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The "Face-walker" Problem


 

While Magic has undergone many changes over the course of its nearly 25-year life and will doubtlessly undergo many more in the coming years, by far the biggest change in the past decade—bigger than New World Order (which probably doesn't mean what you think it means), the introduction of mythics, the changes to the legend rule, or the elimination of core sets—was the birth of planeswalkers.

Let's face it: planeswalkers are (or at least, were) exciting. They are currently the face cards of every Magic set. The story line of the Gatewatch has been driving the narrative of the game for nearly two years now, and Magic's next block—Amonkhet—is focused on Nicol Bolas, who will almost assuredly be in planeswalker form. Of course, this isn't necessarily a bad thing. While planeswalker fatigue is a concern, and even more so now with the same small group of planeswalkers showing up in just about every set (based on the art spoiled for Amonkhet, it looks like we may have three different versions of Nissa legal in the same Standard format, which would be a record), there are some big advantages of planeswalkers, especially from Wizards' perspective.

In the modern narrative- and brand-driven age of Magic, planeswalkers are essential for story purposes. In a very real sense, Wizards is looking to turn Magic into a superhero movie (or should we say, super-friends movie?). We get to follow the exploits of the Jace-tice League around the multiverse, fighting various baddies, hanging out, making new friends, getting in squabbles, and (I'm afraid) before long, falling in and out of love and probably eventually ending up on some MTG version of Jerry Springer. Kidding aside, having consistent characters is helpful when part of the goal is telling a story across years, sets, and blocks, since players (and readers and moviegoers) already have a connection and familiarity with the characters.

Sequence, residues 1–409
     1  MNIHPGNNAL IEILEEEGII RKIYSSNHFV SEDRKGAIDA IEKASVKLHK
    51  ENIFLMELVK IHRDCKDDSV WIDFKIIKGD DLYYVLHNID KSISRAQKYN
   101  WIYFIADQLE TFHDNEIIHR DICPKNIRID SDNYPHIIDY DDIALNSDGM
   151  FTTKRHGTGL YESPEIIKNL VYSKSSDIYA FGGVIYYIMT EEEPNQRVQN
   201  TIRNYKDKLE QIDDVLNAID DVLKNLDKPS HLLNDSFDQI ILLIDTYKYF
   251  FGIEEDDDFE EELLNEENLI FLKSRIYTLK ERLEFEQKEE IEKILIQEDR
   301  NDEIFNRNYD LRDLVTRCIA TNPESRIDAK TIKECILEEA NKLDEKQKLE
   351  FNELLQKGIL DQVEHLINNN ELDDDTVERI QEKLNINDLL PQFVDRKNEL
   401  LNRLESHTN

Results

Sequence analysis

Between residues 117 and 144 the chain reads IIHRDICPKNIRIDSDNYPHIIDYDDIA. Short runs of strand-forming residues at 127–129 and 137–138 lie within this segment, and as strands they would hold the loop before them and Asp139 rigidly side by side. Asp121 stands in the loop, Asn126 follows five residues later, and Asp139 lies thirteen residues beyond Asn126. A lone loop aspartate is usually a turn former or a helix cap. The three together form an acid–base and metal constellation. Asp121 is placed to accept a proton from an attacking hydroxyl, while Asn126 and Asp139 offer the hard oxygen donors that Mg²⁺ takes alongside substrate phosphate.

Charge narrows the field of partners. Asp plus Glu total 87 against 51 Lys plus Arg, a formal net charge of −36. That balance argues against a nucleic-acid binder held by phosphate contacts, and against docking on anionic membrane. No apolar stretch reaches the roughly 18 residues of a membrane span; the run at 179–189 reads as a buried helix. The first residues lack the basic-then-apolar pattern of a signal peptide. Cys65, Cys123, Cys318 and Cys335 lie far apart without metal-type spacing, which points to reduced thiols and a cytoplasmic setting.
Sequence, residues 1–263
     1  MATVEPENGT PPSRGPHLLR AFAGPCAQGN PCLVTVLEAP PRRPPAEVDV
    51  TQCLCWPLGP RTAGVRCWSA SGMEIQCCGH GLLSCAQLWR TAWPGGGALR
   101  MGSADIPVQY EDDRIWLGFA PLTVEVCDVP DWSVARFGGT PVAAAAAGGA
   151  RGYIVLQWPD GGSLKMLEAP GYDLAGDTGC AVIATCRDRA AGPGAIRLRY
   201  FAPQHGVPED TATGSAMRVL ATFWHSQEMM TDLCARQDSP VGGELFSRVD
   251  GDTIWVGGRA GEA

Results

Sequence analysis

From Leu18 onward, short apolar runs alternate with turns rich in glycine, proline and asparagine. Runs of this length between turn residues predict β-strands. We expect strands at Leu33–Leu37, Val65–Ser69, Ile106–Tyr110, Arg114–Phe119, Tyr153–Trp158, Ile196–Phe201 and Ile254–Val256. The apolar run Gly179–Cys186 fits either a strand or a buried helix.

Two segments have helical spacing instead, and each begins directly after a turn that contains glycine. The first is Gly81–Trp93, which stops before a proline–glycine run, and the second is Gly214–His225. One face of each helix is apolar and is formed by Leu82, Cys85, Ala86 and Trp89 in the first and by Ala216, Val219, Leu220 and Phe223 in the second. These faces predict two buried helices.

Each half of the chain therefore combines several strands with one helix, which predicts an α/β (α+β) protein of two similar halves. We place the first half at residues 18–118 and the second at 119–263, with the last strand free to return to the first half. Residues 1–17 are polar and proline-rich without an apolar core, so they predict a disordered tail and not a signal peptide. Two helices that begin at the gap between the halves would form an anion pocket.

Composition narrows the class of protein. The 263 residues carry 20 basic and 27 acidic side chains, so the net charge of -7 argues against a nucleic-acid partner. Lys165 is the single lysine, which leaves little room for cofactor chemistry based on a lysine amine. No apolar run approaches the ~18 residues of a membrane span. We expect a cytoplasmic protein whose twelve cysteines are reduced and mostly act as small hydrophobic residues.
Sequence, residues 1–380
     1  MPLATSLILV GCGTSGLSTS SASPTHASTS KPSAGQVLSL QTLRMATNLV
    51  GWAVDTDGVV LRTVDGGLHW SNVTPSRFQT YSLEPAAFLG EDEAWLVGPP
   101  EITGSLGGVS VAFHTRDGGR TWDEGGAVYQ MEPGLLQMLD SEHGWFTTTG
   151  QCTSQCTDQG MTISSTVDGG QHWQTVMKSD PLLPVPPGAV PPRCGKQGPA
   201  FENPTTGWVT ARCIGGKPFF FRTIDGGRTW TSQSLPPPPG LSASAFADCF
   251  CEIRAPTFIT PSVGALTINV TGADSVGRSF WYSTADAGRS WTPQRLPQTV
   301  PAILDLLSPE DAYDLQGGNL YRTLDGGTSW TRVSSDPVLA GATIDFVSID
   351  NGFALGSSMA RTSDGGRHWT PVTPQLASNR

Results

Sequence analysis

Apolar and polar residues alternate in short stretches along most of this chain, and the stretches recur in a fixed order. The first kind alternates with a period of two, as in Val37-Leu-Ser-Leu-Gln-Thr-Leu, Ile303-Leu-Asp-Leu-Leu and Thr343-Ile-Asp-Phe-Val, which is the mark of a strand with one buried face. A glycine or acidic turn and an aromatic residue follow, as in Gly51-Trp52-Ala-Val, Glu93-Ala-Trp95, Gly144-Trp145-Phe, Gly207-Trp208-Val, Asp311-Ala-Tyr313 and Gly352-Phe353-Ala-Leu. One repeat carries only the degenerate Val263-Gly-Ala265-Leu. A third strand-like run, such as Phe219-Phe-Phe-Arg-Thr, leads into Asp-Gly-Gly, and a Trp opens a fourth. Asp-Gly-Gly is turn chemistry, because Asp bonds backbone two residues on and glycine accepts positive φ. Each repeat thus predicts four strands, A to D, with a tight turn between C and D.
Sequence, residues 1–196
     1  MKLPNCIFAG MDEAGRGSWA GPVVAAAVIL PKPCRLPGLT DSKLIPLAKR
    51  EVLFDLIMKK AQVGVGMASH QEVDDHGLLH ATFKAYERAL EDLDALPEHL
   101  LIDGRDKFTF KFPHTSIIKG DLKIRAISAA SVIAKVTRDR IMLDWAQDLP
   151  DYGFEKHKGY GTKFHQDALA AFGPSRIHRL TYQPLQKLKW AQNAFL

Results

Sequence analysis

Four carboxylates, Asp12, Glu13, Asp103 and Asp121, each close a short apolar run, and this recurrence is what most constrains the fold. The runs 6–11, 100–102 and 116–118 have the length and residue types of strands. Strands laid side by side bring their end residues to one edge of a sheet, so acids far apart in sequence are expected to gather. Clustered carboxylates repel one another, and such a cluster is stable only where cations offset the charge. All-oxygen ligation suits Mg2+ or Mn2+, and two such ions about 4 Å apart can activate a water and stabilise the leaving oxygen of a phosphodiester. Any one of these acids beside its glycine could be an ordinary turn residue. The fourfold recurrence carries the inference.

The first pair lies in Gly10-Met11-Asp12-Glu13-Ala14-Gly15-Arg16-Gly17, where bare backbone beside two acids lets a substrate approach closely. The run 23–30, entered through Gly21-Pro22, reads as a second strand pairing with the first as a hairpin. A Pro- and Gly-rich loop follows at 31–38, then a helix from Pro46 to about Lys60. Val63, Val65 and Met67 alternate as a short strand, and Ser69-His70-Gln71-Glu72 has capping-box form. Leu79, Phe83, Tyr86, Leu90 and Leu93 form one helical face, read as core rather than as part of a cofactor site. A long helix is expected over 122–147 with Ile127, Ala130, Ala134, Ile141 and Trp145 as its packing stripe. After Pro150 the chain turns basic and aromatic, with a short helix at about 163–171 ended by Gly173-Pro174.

As I mentioned before, the risk is that people end up getting tired of the same old faces over and over again, and while we've heard some rumblings about this happening with the Gatewatch gang, we aren't really to that point yet. However, at least for today, I'm not primarily concerned with the story aspect of planeswalkers. While understanding the importance of planeswalkers to Wizards—an importance rooted in story and branding—lays the foundation for what we'll be talking about today, our main topic is the impact of planeswalkers on gameplay. The lore aspect is secondary. While I'm personally not a huge fan of the never-ending Gatewatch story line, that's just me, and I know lots of other people who love it. On the other hand, planeswalkers, and the proliferation of powerful planeswalkers in recent sets, are one of the primary reasons that gameplay is suffering, especially in Standard.

Planeswalkers as Set-Selling Face Cards (aka Face-walkers)

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When it comes to selling a Magic set, Wizards' technique is to use a few powerful cards as "face cards" to move the booster boxes off the shelves. This isn't a bad thing, and it actually makes a lot of sense. In Khans of Tarkir, you could argue that the fetch lands were the face cards; in Magic 2010, it was Baneslayer Angel, and so on and so forth. However, in the past couple years, we've seen a sort of perfect storm of influences push Wizards toward making planeswalkers the face cards of just about every set (the big exception was Eldritch Moon, where Emrakul, the Promised End was the face card).